Congress enacted the Death in Custody Reporting Act of 2013 (DCRA) to address the lack of reliable information about law enforcement–related deaths and deaths in correctional institutions. The U.S. Department of Justice has made several efforts to respond to the law's provisions and other federal mandates to achieve a comprehensive understanding of the prevalence and characteristics of deaths that occur in law enforcement custody, the RAND Corp. reports. Despite these efforts, no national data collection program describes all deaths in law enforcement custody. The Washington Post publishes an annual compiation of police shooting deaths.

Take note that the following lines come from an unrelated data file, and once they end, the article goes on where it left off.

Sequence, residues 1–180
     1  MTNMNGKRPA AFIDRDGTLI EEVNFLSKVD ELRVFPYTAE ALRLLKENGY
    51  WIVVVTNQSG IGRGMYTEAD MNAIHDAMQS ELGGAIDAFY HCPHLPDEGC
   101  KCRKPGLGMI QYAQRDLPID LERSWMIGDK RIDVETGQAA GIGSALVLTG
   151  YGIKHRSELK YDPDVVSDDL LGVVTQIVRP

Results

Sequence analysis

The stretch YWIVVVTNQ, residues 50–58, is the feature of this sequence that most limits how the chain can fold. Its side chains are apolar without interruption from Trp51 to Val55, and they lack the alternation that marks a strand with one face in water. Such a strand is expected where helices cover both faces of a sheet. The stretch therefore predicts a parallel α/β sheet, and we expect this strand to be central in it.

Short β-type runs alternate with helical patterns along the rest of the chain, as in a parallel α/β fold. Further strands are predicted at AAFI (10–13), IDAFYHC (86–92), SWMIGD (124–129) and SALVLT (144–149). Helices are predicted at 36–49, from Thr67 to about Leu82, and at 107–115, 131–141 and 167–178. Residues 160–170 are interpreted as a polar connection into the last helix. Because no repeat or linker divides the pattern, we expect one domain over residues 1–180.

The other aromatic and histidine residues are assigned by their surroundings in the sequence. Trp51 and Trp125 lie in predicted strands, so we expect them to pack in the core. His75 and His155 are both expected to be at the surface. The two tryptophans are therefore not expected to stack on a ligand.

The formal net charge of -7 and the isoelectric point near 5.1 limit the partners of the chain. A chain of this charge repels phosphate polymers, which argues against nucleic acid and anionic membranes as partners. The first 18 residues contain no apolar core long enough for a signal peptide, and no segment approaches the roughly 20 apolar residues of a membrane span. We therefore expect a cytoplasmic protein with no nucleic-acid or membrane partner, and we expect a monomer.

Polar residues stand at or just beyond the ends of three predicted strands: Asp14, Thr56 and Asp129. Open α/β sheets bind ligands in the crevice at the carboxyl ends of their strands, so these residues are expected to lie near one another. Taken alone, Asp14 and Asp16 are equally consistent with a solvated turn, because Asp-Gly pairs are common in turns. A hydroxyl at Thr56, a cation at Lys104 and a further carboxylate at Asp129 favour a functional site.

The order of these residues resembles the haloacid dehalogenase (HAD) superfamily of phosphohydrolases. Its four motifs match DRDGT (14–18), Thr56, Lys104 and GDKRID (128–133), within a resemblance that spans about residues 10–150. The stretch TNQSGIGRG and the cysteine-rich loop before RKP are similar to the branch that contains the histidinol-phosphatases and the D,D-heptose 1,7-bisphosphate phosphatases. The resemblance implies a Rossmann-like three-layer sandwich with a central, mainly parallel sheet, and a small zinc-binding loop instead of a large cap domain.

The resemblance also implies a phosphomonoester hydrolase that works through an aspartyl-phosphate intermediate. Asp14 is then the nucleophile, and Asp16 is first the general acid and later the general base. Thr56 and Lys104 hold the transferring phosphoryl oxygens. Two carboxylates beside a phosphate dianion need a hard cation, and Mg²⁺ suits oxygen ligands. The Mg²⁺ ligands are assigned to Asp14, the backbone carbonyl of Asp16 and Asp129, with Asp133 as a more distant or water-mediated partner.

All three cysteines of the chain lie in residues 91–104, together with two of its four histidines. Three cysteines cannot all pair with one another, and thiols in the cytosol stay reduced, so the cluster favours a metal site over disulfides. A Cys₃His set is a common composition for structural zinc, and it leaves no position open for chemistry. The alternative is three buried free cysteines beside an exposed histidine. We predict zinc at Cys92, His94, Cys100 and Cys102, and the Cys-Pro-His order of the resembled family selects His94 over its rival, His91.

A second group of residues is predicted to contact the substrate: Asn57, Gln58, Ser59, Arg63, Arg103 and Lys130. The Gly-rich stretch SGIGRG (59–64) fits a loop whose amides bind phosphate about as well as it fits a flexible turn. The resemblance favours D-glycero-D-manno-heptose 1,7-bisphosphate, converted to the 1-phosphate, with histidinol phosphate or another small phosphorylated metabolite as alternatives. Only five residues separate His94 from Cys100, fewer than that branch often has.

Data are critical to support strategies to reduce such deaths; to promote public safety through appropriate responses to reported crimes, calls for service, and police-community encounters; and to build trust with communities. Developing comprehensive databases on existing law enforcement policies and practices is a more-immediate need than developing additional training programs or strategies, the report says. It says, "There is no clear consensus ... on the inclusionary criteria to use for critical incidents (deaths, serious injuries, or risk of injuries) that occur in law enforcement custody. Law enforcement agencies and other stakeholders disagree on which manners of death should be reported."